GCA is a disorder affecting an older population (usually patients >50) and females have a higher incidence compared with males.1

The main concern from an OD’s standpoint with GCA is the development of arteritic ischemic optic neuropathy (AION). As the blood vessels supplying the optic nerve become inflamed, luminal occlusion occurs, which leads to ischemic complications.1 The goal is to recognize and treat GCA before AION occurs.   

Typical presenting symptoms of GCA include headache, temple pain, neck pain, scalp tenderness, jaw claudication, weakness and tiredness/fatigue. The temporal artery may be firm and tender on palpation and often nonpulsatile. 

With AION, vision loss is usually severe and responds poorly to treatment, as seen in our patient. Presenting vision loss is generally much worse when compared with vision loss from nonarteritic ischemic optic neuropahty (NAION). For example, one study showed initial visual acuity of count fingers to no light perception in 54% of AION patients compared with only 14% of NAION patients.2 Amaurosis fugax will be present in about one-third of patients and is a sign of impending AION.2 Additional ocular findings from GCA can include sixth nerve palsy, cotton wool spots and retinal artery occlusion. The disc edema from GCA/AION generally has a characteristic pale edema or chalky white color.2  

This case highlights just how visually devastating GCA can be and the importance of recognizing the symptoms and clinical findings as early as possible.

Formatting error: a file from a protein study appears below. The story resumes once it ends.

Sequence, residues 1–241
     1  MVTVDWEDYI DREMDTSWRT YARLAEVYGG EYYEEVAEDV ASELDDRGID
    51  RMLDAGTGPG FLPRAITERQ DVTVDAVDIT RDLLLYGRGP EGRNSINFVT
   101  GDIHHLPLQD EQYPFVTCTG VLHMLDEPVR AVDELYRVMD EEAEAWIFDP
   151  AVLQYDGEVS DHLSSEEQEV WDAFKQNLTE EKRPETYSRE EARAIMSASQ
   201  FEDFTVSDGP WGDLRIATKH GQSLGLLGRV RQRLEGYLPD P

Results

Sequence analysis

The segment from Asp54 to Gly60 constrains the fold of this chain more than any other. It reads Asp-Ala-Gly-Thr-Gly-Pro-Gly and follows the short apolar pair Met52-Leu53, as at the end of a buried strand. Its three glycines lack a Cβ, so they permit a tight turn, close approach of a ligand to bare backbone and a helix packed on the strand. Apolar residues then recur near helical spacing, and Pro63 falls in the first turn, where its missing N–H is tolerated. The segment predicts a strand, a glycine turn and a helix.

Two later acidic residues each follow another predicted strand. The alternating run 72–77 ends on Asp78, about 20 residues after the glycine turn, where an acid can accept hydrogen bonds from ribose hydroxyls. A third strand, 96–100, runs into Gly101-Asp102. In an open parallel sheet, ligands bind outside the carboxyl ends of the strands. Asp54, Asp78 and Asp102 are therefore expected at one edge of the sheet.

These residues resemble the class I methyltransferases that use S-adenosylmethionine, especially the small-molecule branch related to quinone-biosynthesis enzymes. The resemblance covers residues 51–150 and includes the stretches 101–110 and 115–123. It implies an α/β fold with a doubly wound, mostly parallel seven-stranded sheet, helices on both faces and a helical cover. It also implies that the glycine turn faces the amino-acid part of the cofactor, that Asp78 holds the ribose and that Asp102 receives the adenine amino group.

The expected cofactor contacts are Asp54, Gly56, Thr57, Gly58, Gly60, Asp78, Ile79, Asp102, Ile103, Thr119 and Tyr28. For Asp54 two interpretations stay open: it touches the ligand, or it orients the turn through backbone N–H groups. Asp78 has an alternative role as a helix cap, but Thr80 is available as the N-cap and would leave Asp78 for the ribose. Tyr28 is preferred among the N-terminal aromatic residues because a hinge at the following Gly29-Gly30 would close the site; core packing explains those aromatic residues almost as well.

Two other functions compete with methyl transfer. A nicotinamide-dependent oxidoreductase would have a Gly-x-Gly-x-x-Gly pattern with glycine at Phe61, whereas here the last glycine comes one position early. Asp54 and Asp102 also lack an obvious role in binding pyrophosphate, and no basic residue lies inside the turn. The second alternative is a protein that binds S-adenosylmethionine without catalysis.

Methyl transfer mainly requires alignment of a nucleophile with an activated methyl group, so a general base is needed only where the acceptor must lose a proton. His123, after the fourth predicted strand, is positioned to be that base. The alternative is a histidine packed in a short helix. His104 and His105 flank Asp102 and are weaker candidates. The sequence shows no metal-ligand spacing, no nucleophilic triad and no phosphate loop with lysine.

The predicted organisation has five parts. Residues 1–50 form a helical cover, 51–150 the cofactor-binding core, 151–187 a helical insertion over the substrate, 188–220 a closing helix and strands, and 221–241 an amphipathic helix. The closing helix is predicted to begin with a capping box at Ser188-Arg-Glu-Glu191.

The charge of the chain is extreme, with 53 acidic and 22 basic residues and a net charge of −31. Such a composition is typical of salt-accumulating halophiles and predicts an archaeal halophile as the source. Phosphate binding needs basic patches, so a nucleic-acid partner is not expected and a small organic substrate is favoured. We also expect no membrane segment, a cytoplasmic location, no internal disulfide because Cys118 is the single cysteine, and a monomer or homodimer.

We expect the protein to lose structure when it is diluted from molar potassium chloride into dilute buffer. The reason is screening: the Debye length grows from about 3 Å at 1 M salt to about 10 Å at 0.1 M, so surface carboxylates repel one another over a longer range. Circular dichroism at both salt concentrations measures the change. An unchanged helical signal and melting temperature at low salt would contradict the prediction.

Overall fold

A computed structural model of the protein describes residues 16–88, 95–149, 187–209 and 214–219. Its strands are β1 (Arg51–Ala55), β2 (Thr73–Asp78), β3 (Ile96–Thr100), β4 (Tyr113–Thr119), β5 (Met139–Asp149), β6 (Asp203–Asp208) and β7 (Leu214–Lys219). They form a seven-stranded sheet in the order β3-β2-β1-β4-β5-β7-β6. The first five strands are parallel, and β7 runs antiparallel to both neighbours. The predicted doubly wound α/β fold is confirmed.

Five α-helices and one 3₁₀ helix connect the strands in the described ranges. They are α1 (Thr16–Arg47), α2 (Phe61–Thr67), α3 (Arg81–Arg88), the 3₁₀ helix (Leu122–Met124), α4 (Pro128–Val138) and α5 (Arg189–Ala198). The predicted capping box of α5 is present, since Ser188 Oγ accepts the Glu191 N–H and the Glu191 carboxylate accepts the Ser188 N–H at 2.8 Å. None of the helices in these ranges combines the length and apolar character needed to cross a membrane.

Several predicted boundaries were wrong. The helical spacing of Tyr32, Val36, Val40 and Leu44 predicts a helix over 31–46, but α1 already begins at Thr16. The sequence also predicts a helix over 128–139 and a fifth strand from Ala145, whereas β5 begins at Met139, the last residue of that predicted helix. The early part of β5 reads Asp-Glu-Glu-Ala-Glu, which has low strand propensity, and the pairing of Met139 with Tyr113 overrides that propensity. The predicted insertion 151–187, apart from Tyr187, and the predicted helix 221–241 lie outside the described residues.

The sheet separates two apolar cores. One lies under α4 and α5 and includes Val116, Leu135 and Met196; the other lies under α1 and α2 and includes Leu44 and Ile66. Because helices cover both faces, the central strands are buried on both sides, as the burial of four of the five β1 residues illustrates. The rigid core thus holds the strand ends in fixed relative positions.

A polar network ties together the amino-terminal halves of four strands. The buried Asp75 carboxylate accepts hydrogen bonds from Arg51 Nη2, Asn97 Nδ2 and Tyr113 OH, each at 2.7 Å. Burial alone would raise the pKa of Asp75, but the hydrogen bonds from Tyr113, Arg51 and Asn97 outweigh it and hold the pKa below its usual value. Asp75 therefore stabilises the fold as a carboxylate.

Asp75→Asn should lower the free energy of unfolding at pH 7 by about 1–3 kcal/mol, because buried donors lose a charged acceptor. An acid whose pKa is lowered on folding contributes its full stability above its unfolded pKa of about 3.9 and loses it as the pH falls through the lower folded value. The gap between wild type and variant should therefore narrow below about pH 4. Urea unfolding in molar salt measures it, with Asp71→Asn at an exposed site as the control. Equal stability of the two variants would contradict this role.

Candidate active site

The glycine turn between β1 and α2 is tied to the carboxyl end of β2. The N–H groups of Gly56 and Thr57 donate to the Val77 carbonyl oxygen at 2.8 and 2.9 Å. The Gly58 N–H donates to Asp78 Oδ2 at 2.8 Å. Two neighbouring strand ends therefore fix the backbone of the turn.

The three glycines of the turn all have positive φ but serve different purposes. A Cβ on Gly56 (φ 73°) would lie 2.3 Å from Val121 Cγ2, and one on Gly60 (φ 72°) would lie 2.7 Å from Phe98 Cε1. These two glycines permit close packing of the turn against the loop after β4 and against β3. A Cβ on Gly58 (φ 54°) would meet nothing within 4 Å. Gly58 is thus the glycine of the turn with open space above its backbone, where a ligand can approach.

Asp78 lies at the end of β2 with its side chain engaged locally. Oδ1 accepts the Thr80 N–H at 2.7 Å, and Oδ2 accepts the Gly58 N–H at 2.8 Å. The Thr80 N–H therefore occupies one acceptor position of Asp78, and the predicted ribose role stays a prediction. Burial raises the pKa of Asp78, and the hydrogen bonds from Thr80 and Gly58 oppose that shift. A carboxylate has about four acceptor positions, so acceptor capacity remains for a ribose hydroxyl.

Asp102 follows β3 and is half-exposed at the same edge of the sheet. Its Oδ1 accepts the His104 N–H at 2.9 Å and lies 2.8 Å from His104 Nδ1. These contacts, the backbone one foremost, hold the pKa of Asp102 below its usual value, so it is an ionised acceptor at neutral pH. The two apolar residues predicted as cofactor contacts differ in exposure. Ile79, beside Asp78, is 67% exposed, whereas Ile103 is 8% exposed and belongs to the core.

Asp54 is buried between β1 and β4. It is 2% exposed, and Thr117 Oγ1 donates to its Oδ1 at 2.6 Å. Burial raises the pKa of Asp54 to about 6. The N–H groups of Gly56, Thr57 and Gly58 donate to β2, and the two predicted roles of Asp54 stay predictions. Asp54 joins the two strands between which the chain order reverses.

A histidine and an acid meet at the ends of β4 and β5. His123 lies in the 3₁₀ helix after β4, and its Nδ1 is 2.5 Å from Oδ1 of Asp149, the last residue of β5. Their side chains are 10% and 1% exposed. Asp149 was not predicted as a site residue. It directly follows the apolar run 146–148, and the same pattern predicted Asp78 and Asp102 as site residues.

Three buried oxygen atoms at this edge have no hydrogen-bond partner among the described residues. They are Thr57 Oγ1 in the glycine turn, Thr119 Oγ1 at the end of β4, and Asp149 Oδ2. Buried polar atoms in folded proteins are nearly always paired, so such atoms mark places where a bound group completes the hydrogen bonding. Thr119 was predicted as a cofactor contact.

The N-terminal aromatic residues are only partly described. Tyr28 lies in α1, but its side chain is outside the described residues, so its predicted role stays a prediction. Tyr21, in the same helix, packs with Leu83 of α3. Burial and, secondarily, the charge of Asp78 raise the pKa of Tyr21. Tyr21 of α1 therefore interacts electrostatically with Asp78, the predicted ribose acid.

If steroid therapy is started early in the course of GCA, vision loss typically does not occur. If one eye develops vision loss, the goal is to start treatment to prevent further vision loss in that eye and prevent it in the fellow eye. 

When suspected, ESR and CRP should be ordered, as these tests will be elevated due to the presence of inflammation within the body. Further verification of GCA is obtained either by temporal artery biopsy or temporal artery ultrasonography, which has a similar sensitivity to biopsy. 

GCA is typically treated with chronic oral steroids under the management of rheumatology; however, if AION does occur, a pulse-dose of 1g intravenous Solu-medrol is given for three days, then switched to oral steroids and generally continued for a lifetime. 

Eye care providers should have a fairly low threshold of testing and evaluating for GCA, as ESR and CRP testing is inexpensive and easily obtainable. Temporal artery biopsy is also a routine procedure performed by vascular surgeons or even oculoplastic specialists, while temporal artery ultrasound is a good noninvasive alternative to biopsy.

Early diagnosis and treatment of GCA is imperative, given the severity of the disease and possibility of irreversible vision loss. As frontline eye care providers, ODs can help play a crucial role in identifying GCA as early as possible to mitigate negative outcomes.3 

Clinicians should always maintain suspicion when presented with patient complaints of GCA and either initiate a work-up or promptly refer for a work-up. 

Even after a patient has suffered vision loss due to GCA/AION, ODs can remain in contact with the rheumatologist, social workers, occupational therapists and other care providers to manage any vision loss affecting an individual’s quality of life.

1. Weyand CM, Goronzy JJ. Giant-cell arteritis and polymyalgia rheumatica. N Engl J Med. 2014;371:50-7.
2. Heyreh SS. Management of ischemic optic neuropathies. Indian J Ophthalmol. 2011;59(2):123-36.
3. American Optometric Association. Doctors of optometry have big role in catching giant cell arteritis before blindness. Clinical Eye Care. Accessed January 4, 2018.